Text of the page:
HBEGF (4-fold) is a member of the epidermal growth factor family of growth factors that stimulate growth and differentiation. The expression of HBEGF inhibits inflammatory cytokines. The CDKN1A is involved in the regulation of transcription, apoptosis, DNA replication and repair, and cell motility (Abbas and Dutta, 2009; Cazzalini et al., 2010). CDKN1A is a well-known cell cycle arrestor by inhibiting the activity of cycle-dependent kinases (Dotto, 2000). The PLAU and its cellular receptors were identified to be associated with the development of inflammatory, immune, and coagulation responses (Del Rosso et al., 2011). PLAU gene expression was regulated by leukocytes with extracellular matrix for migration among tissues (Ng et al., 2015). NR4A2 is an important nuclear factor linking gastrointestinal inflammation and cancers (Han and Cao, 2012). It serves as a candidate therapeutic target for the inflammation-related gastrointestinal cancers.

Finally, 9 genes among 30 candidate genes identified by biological pathway analysis were directly regulated in PEDV vaccinated PBMC (Supplementary Fig. 1). Expression of these genes was validated by real-time PCR. Some genes, however, did not match with those identified by RNA seq analysis between unvaccinated- and vaccinated groups (data not shown). In summary, significantly up- and down-regulated genes were identified and functional analysis of RNA seq data revealed that those genes are associated with cell proliferation, inflammatory response, T cell response, cell death, and immune response. The comprehensive transcriptomes were constructed by using RNA-seq.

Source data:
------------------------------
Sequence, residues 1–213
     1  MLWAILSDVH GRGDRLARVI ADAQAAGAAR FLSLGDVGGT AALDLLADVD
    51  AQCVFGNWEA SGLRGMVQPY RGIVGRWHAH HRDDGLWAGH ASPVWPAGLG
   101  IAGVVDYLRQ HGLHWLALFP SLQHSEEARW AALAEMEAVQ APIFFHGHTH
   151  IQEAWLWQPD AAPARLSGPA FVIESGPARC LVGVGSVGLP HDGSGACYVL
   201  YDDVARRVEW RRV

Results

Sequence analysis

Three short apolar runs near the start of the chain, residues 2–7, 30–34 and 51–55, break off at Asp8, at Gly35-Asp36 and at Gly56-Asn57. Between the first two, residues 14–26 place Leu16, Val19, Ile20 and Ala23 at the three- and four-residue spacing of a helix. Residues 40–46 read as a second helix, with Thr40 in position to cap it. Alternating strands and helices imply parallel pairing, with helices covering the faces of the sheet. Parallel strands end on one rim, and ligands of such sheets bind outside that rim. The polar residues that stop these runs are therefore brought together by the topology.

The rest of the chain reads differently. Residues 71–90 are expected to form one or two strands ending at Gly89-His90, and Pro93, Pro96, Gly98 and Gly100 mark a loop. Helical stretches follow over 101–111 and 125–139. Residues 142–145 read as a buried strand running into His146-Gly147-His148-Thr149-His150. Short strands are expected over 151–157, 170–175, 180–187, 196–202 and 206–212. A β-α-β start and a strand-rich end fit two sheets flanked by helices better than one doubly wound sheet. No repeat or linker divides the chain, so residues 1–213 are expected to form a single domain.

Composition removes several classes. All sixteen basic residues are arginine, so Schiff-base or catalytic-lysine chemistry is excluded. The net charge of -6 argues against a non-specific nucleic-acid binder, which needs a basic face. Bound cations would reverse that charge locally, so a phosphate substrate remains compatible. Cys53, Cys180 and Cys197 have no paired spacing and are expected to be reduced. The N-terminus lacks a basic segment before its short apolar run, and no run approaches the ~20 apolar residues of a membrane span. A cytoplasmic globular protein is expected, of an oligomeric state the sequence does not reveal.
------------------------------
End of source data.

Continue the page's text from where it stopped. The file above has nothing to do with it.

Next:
In conclusion, our results demonstrate that the bioinformatic analysis of PBMC from pigs vaccinated with PEDV provides us better understanding of precise mechanisms underlying cellular signal transduction pathways of the PED.

Acknowledgments

This work was supported by a grant (PJ00812704) from the Next-generation BioGreen 21 Program (No. PJ00812704), Rural Development Administration, Republic of Korea; and 2016 Postdoctoral Fellowship Program of National Institute of Animal Science, Rural Development Administration, Republic of Korea.

Conflict of interest statement

We declare that we have no conflict of interest.

Supplementary Materials

Supplementary Table I and II, and Figure 1 are available at http://dx.doi.org/10.17582/journal.pjz/2017.49.3.sc1

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Author:Park, Sung Kwon; Jeong, Jin Young; Cho, Eun Seok; Jeong, Yong Dae; Park, Chang Seok
Publication:Pakistan Journal of Zoology
Article Type:Report
Date:Jun 30, 2017
Words:2283